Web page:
Not a Member? Get access to HR news and resources that you can trust.
Here is how HR can help prevent the missteps that could cost your company big in court.
Is your employee handbook ready for the changing world of work? With SHRM’s Employee Handbook Builder get peace of mind that your handbook is up-to-date.
60+ new SHRM Seminar dates in 10 U.S. cities and virtually.
Expand your influence and learn how to become an effective leader -- Join us in Phoenix, AZ, October 2-4, 2017.
Measuring a mentoring program requires evaluating the overall program and individual mentoring relationships, advise experts, researchers and HR professionals. Here’s a sampling of their guidance:
Clarify and specify goals. Is the purpose clearly understood? Is the focus, for example, on learning and skills development, or succession planning and retention, or knowledge transfer?
HR professionals need to define these upfront as a basis for designing, structuring and carrying out a program, says Terri A. Scandura, Ph.D., dean of the graduate school and professor of management at the University of Miami.
Train, teach, encourage and promote. Employees have varied ideas about mentoring—and how it’s done. So, it’s important for everyone to have a common understanding of expectations and results—with an extra dose of insight for mentors. Be "certain that the mentors fully understand their roles," says Barbara Wright-Avlitis, global head of leadership development, training and diversity for corporate and commercial banking giant ING Wholesale Banking in Amsterdam. "This, to me, is even more important than the mentees fully understanding the purpose of the relationship. When mentors realize that they are actually allowed to get personally involved and feel responsibility for their mentees, the dynamics seem to change." Mentors must know "it’s OK to be an advocate for your mentee," she says.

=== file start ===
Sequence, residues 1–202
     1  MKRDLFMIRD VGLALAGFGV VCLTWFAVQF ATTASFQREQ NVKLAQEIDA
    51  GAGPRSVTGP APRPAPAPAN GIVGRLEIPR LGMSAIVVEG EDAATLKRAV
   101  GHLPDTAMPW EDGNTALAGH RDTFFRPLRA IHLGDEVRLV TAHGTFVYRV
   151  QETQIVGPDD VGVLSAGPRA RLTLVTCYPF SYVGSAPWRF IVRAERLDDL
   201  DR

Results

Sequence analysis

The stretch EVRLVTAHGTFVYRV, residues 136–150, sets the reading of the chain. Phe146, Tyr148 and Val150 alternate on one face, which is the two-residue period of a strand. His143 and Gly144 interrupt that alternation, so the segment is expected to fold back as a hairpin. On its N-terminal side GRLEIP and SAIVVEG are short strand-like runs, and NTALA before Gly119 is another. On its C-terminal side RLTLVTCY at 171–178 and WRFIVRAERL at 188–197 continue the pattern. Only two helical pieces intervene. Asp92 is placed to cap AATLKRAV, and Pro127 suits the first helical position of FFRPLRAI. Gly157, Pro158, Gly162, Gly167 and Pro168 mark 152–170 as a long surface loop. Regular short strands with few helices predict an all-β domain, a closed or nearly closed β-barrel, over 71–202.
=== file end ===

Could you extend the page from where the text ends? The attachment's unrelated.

Check resources. Are you providing adequate support and resources to feed your participants’ ongoing interest? As part of its revitalized initiative, for example, IBM Corp. created streamlined and easy-to-access mentoring resources, such as mentoring podcasts, success stories, mentoring guides and mentoring best practices that focus on the mentor-mentee relationship and how to make it work. The company built an online "Dear Mentor" chat area, where employees can electronically ask questions of a team of mentoring experts, according to Audrey J. Murrell, Ph.D., associate professor of business administration, psychology and public and international affairs at the University of Pittsburgh’s School of Business.
Leave the boss-subordinate definition behind. "The days of one mentor for all reasons have passed," says Scandura. "Mentoring isn’t really about cloning—it’s about developing your own personal brand of leadership. That’s why multiple mentors for various goals and guidance—a network of people—is clearly the growing trend."
You have successfully saved this page as a bookmark.
Please confirm that you want to proceed with deleting bookmark.
You have successfully removed bookmark.
Please log in as a SHRM member before saving bookmarks.
Your session has expired. Please log in again before saving bookmarks.
Please purchase a SHRM membership before saving bookmarks.
An error has occurred
Recommended for you
HR Education in a City Near You
SHRM’s HR Vendor Directory contains over 3,200 companies